SEMA News—January 2021


Law & Order

By Stuart Gosswein


PPP Loan Forgiveness: The U.S. Treasury issued a new loan forgiveness application form for Payroll Protection Program (PPP) loans of $50,000 or less, intending to simplify the loan review process for smaller loan amounts. While the new form was reduced from five to two pages, it still requires the borrower to submit significant documentation (bank statements, tax forms, payment receipts, employee benefit statements, etc.). While welcoming the revised form, SEMA has joined a coalition of companies and organizations seeking a more streamlined process so that small-business owners can invest in jobs and supporting their local economies rather than spending time and resources on paperwork. The PPP has provided 5.2 million loans worth $525 billion to American small businesses, according to the U.S. Treasury.

The U.S. Congress is considering SEMA-supported legislation that would further simplify the PPP forgiveness process, especially for loans of up to $150,000, while also protecting against fraud and misuse of funds. More than 86% of issued loans are for $150,000 or less, according to the U.S. Small Business Administration (SBA). Lenders have said that the current forgiveness application process is too onerous and time-consuming. Under the program, a lender has 60 days to process and submit applications to the SBA once they are received from the borrowers. The SBA has 90 days to make a final decision and send the forgiven funds to the lender. Applications granted less than the anticipated full forgiveness by the SBA will be problematic for both lenders and borrowers.

Definition of Independent Contractor: The U.S. Department of Labor (DOL) issued a proposed rule to clarify whether a worker is deemed an independent contractor under the Fair Labor Standards Act’s (FLSA) definition of employee. The rule would seek to streamline the federal government’s test for identifying independent contractors while not overriding laws enacted by California or any other states or local jurisdictions. The DOL rule would adopt an “economic reality” test to consider whether workers are in business for themselves (independent contractors) or are economically dependent on presumed employers for work (employees). The rule would identify two “core factors” for making decisions: the workers’ control over the work and the workers’ opportunity for profit or loss. Three factors would also be considered: the amount of skill required for the work; how permanent the relationship is between the worker and employer; and whether the work is part of an integrated unit of production. Finally, the actual day-to-day relationship between the worker and the employer would be considered more relevant than contract terms.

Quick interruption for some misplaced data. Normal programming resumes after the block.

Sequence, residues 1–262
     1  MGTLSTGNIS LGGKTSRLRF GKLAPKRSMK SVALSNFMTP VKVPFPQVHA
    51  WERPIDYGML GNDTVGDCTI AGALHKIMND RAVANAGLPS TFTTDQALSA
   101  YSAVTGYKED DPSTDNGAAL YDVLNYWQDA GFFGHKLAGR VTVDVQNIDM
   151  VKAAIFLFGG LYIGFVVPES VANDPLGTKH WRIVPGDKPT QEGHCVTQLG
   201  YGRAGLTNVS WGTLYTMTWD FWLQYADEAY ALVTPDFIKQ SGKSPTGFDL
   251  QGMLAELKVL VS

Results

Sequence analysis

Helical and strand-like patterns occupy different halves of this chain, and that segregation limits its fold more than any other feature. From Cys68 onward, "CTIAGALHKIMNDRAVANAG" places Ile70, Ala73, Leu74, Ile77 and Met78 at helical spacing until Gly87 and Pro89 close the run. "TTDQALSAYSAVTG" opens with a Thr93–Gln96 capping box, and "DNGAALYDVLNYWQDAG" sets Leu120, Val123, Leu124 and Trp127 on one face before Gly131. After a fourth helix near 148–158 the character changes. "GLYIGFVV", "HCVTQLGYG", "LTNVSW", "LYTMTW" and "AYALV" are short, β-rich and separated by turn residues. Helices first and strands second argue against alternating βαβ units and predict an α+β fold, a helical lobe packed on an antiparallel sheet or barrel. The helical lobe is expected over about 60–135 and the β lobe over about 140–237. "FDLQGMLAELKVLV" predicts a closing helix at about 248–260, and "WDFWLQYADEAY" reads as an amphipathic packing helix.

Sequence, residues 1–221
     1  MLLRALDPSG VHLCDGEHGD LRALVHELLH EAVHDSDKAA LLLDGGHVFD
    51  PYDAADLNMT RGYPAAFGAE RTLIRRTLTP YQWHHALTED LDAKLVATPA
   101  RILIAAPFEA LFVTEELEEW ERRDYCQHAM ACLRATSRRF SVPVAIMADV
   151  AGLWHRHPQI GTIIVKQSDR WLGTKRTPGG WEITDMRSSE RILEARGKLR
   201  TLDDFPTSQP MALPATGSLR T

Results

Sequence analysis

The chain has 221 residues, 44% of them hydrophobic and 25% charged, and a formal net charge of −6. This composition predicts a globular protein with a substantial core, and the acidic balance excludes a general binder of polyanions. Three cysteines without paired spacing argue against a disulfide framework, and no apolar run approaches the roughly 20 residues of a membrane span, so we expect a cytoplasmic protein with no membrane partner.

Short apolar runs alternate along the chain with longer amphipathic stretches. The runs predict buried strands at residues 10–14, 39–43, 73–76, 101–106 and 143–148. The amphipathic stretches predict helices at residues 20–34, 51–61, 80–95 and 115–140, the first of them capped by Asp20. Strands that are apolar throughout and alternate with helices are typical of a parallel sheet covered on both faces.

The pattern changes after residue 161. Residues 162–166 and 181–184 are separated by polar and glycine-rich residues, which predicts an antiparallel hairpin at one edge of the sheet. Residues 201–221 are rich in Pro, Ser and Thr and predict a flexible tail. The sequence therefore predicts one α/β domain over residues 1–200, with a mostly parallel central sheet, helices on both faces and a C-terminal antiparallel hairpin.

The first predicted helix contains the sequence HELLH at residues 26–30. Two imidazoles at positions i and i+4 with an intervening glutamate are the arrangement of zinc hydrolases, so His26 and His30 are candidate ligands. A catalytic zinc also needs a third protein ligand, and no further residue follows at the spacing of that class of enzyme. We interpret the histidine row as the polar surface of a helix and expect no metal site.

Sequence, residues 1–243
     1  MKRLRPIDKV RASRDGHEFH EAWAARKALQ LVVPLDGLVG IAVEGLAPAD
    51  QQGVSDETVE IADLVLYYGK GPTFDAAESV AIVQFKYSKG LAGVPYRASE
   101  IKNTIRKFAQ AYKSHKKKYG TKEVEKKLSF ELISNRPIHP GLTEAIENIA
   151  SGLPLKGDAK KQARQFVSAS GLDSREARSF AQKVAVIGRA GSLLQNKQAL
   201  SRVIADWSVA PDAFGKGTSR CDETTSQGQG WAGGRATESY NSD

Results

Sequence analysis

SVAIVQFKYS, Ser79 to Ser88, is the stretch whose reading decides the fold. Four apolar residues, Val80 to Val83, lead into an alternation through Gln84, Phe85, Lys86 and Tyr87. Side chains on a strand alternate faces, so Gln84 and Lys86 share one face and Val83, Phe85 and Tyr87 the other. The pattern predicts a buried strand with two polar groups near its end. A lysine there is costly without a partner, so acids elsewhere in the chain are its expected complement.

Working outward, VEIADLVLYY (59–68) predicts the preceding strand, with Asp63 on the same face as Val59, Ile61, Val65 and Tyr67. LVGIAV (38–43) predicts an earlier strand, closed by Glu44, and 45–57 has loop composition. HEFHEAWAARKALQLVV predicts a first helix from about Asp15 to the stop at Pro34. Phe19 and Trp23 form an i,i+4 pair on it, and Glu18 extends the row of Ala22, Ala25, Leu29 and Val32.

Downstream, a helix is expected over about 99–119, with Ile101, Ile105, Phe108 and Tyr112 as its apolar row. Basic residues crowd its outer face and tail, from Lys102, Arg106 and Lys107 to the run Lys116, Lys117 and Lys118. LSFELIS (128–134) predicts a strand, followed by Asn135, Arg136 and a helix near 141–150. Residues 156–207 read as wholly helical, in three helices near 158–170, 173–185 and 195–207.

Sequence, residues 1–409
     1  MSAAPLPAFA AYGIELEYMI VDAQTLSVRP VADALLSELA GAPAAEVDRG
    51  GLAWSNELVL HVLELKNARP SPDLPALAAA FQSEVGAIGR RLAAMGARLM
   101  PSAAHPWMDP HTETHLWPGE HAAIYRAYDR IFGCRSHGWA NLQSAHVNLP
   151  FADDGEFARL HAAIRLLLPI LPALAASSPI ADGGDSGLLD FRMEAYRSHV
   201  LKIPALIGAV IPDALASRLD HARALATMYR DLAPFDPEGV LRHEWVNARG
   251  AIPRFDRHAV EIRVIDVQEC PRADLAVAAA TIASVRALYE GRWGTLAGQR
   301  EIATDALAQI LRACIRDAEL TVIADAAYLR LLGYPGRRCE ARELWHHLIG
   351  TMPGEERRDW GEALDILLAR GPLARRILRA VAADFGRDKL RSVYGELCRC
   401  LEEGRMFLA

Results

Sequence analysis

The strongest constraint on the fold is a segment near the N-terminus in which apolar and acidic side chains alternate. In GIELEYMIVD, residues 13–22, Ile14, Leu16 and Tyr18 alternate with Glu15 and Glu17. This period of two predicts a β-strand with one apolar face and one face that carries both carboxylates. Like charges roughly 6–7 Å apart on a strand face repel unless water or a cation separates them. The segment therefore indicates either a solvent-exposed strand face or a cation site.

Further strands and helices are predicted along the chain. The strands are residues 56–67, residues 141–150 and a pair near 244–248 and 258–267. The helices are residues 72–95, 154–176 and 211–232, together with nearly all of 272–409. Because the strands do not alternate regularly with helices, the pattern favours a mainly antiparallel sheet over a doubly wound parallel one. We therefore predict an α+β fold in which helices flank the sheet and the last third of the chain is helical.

Michigan—Liability Protection: The Michigan legislature passed a SEMA-supported bill that provides liability protections for businesses and healthcare providers if proper safety protocols are in place. The legislation currently awaits approval or veto by Governor Gretchen Whitmer.

Michigan—Military Vehicles: The Michigan Senate Committee on Transportation and Infrastructure passed SEMA-supported legislation to allow for the titling and registration of historic military-surplus vehicles. Currently, such vehicles are not able to be titled or registered for use on highways in the state. The bill awaits consideration by the full Senate.

Virginia—Vehicle Modifications: The Virginia General Assembly passed SEMA-supported legislation that includes provisions changing certain traffic infractions from primary to secondary offenses. A secondary offense is one for which a citation can be issued only if the driver is stopped for another, separate offense. If signed into law, the following traffic infractions would be changed to secondary offenses: operating a motor vehicle without an exhaust system that prevents excessive or unusual levels of noise; without a light illuminating a license plate; or with certain sun-shading materials and tinting films. The bills currently await approval or veto by Governor Ralph Northam.


Michigan—License Plates: The Michigan legislature introduced SEMA-supported legislation to create legacy license plates that resemble the blue and black tags that were available from ’79–’07. The new legacy plates would be available for display on all motor vehicles. Currently, authentic vintage plates may be displayed only on historic vehicles 26 years old or older, owned solely as collectors’ items, and used only for parades and certain other events. If enacted into law, the bill would not impact the state’s current specialty license plate offerings. The bill currently awaits consideration in the Senate Committee on Transportation and Infrastructure.

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